Denk, T., Roatsch, T., Oberst, J., Neukum, G., Porco, C., Thomas, P., Helfenstein, P., and Squyres, S. (2001). "Himalia -- First Disk-Resolved Observations of an outer Jovian Satellite." European Geophysical Society XXVI General Assembly PS6.01.


On Dec. 18, 2000, after the deadline for this abstract, the Cassini spacecraft is scheduled to obtain disk-resolved, ISS narrow-angle camera (NAC) images of J6 Himalia, the largest of the 10 outer jovian satellites. Cassini's flyby distance of 4.44 million km will have been the closest to any known object in the Jovian system, resulting in a spatial NAC resolution of 27 km/pxl. With a diameter of ~170 km (pre-Cassini value from Cruikshank 1977) and a phase angle of 70 deg during the five hours of observation, the expected size of the Himalia disk is ~4x7 NAC pixels.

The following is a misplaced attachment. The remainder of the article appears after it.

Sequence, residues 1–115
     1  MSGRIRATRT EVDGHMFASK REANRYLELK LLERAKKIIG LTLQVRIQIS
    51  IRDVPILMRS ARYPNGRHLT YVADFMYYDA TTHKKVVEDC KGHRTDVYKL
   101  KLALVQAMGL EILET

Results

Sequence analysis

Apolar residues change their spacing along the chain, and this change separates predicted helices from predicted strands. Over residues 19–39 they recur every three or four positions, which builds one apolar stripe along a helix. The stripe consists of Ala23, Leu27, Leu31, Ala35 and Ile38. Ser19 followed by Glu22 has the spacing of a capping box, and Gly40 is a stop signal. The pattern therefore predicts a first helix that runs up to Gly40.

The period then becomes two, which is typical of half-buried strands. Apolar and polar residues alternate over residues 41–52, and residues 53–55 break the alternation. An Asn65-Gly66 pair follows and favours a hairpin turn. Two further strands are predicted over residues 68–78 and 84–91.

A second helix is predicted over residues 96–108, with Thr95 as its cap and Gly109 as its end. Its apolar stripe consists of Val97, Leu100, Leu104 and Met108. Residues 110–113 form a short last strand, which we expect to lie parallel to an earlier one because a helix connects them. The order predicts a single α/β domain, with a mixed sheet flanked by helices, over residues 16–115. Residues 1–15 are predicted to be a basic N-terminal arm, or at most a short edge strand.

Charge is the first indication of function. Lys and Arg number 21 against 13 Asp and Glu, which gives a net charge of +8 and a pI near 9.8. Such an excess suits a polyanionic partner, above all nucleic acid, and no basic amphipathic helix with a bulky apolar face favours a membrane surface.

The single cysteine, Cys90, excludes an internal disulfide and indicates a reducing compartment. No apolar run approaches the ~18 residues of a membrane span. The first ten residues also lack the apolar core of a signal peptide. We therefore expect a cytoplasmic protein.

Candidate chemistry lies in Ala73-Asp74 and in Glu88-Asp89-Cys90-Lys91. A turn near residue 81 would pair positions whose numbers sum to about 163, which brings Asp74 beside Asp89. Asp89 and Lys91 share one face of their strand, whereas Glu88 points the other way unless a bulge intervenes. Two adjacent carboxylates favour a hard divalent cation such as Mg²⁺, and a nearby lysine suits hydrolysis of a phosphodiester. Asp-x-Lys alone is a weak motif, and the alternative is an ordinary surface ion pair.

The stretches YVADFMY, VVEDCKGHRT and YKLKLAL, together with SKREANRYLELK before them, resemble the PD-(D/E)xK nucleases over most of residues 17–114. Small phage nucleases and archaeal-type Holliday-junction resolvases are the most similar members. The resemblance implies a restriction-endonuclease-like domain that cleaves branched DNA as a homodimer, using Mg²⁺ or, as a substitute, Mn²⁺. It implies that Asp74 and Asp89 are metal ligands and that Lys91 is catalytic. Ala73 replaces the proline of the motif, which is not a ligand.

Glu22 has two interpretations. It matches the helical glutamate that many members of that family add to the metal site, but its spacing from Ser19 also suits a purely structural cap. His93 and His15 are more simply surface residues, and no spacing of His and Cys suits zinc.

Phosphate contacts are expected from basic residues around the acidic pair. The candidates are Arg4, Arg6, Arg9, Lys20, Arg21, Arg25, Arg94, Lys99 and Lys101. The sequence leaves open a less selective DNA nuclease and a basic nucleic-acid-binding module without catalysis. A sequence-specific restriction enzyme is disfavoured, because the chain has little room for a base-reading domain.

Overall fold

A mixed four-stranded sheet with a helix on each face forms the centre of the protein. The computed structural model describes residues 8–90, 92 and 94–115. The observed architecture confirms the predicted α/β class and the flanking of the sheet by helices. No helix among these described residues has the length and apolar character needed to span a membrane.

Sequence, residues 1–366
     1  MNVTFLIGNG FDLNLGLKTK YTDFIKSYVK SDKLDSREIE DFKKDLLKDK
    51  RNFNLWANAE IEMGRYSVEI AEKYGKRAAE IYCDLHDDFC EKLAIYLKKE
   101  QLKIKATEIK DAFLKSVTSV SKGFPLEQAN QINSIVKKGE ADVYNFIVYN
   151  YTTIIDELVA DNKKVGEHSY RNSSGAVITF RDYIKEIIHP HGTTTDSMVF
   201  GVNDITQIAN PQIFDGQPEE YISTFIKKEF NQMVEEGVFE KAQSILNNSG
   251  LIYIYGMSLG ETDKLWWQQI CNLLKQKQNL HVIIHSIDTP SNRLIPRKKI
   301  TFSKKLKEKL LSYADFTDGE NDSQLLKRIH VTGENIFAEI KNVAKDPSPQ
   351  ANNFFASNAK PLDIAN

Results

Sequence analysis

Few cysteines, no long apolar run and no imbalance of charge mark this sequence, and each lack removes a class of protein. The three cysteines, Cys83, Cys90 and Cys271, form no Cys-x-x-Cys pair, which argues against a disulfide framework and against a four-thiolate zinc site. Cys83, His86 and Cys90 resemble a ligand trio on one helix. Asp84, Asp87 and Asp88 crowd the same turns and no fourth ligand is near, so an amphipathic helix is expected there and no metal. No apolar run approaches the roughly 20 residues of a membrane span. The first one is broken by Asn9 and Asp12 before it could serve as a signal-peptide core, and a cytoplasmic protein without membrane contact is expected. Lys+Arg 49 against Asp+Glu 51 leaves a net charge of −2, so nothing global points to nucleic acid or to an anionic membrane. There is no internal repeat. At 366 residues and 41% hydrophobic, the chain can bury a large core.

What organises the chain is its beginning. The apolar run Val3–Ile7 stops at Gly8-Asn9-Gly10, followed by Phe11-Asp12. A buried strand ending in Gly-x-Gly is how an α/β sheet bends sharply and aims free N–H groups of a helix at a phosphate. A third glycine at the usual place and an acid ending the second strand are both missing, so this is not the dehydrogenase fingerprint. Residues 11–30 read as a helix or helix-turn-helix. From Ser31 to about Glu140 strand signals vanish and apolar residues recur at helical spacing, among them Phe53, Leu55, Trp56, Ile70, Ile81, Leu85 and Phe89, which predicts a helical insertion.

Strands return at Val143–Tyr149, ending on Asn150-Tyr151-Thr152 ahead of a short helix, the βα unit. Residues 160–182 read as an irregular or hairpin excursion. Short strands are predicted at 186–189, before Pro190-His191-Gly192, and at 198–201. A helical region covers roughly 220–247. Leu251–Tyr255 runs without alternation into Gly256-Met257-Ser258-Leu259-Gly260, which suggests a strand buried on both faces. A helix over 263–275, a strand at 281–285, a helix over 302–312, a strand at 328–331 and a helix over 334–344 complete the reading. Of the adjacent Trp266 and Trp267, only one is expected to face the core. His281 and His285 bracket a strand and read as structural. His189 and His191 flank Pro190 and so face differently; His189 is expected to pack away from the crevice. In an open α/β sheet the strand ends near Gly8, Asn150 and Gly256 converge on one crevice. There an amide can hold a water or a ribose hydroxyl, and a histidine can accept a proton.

The plan includes four different ISS NAC observations. Each of the first three sequences will contain 20 images taken through different color filters, the spectral range lies between 0.34 and 1.0 um. The last observation will contain 24 different color filter images at wavelengths between 0.26 and 1.0 um, and nine polarization filter images at three different wavelengths (0.34, 0.56, and 0.73 um). If the pre-Cassini rotation period estimate of ~9.5 hours (Degewij et al. 1980) is correct, about 3/4 of the surface of Himalia will be observable. Using the Himalia NAC data, we plan to determine basic parameters such as size, shape, rotation period, spin-axis orientation, and albedo of this moon. Surface color and color variations as well as possible large-scale brightness differences should also be measurable, as might be possible spectral absorption features which have been proposed from earth-based observations (Jarvis et al. 2000). Initial results will be presented at the conference. References: Cruikshank, D.P. 1977, Icarus 30, 224-230. Degewij, J. et al. 1980, Icarus 44, 520-540. Jarvis, K.S. et al. 2000, Icarus 145, 445-453.